Buckingham Palace with crowds on the Mall

An Ashes series between England and Australia is for many cricket fans as good as it gets. But the sport’s administrators and followers are concerned about its future.

This isn’t new – a report newly donated to AMSR shows the cricket authorities were trying to attract new supporters in 1966, just as now and at most points inbetween.

Back in 1966, the MCC was worried by a decline in attendances at county cricket matches. The NOP study, commissioned by the Daily Mail, found that 39% of men expressed interest in cricket. This was felt encouraging, but issues were identified with overly dull play and an insufficient focus on spectator needs. (Tellingly perhaps, women and children were not included in the study.)

The issue wasn’t with Test Matches, which were extensively covered by the BBC; 90% of cricket fans claimed to follow them on TV and 72% on the radio. As ways of enlivening the sport though, 53% felt it should be played on Sundays (when many would be better able to attend) and 65% wanted more one-day games. More aggressive play was also desired.

Changes began before long, initially with the one-day John Player Sunday League, and have continued – not least in the last 20 years, with the sport’s governing bodies trying to balance the interests of paying crowds and TV audiences. Twenty20 cricket was launched in 2003; the even shorter-form competition ‘The Hundred’ began in 2021 – specifically targeting the women and children who were of such little interest to the MCC in 1966. The revenues on offer via broadcasting rights led to the ECB contracting its TV coverage for all forms of cricket exclusively with Sky Sports in 2006. All this has meant that cricket looks very different today.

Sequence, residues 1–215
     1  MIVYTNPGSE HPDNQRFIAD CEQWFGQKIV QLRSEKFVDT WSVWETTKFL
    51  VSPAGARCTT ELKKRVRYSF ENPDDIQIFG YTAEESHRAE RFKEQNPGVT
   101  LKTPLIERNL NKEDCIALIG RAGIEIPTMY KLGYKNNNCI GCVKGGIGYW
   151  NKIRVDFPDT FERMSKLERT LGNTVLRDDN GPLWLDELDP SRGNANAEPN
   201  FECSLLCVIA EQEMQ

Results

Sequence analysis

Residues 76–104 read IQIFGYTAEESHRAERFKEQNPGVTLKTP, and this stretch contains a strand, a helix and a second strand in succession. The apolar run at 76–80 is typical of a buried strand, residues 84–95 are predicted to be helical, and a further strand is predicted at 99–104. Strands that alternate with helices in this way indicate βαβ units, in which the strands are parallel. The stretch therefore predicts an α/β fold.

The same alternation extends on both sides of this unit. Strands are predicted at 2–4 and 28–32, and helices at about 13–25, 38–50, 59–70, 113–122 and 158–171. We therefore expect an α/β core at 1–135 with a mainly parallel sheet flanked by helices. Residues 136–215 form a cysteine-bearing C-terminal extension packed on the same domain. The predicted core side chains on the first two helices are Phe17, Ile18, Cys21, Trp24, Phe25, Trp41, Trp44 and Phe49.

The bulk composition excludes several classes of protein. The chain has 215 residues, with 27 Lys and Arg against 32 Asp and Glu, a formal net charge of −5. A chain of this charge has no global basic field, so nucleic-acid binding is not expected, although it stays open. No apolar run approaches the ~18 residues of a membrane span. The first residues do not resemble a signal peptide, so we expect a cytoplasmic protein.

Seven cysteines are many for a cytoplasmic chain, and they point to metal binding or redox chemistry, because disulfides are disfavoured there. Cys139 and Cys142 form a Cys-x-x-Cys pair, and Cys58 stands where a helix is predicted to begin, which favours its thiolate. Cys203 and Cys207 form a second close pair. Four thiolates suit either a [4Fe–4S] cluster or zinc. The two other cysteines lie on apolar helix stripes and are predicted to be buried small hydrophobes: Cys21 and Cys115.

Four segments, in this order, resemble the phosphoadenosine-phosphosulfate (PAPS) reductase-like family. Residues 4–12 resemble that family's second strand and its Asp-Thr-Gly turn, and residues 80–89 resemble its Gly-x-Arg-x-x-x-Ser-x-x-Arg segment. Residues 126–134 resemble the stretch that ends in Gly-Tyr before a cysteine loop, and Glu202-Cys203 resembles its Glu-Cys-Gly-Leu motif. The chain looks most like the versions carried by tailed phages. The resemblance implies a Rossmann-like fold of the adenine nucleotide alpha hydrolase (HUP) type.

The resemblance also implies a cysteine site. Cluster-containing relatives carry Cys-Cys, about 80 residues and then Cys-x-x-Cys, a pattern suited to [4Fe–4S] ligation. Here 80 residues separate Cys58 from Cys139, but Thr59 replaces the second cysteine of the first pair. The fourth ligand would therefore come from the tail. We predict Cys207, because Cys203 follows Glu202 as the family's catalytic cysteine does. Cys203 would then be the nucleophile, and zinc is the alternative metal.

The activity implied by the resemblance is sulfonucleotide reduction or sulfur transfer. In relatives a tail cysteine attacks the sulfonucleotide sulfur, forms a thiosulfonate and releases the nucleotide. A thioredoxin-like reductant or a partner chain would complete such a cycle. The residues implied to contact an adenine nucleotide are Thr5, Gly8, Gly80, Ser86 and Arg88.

We can track its support base through TGI data held within AMSR. From 1972 through to 2002 the numbers attending in person declined by more than half, from 2.3m to 1.0m, but they had improved to 1.3 million by 2017 – hinting at the impact of Twenty20 cricket.

Pay to watch cricket chart

In parallel however the TV audience, which held reasonably steady from 1972 to 2002, slipping only from 11.3m to 10.1m, dropped significantly to 7.5m once cricket was no longer available on terrestrial channels.

Concerns exist about the attracting new supporters – today just as in 1966 and at most points inbetween. Many believe that more terrestrial TV coverage would help; this might also bring back some currently unable to watch. A few matches in ‘The Hundred’ are now broadcast on BBC platforms, but this may not be sufficient.

More positively though, for those who want to watch more aggressive cricket, the approach of the current England team under Ben Stokes should certainly keep them happy.


The NOP study referred to can be found here.

TGI (Target Group Index) is a continuous survey which has been carried out in Great Britain since 1969, based on 25,000 adults per annum, who provide information on their use of all major products, brands and services. Media exposure, attitudinal and demographic data are also included. Kantar, who own and operate TGI, have made major donations of data to AMSR. To explore the TGI archive within AMSR, click here

Contributed by Geoff Wicken
Date posted: 7th June 2023


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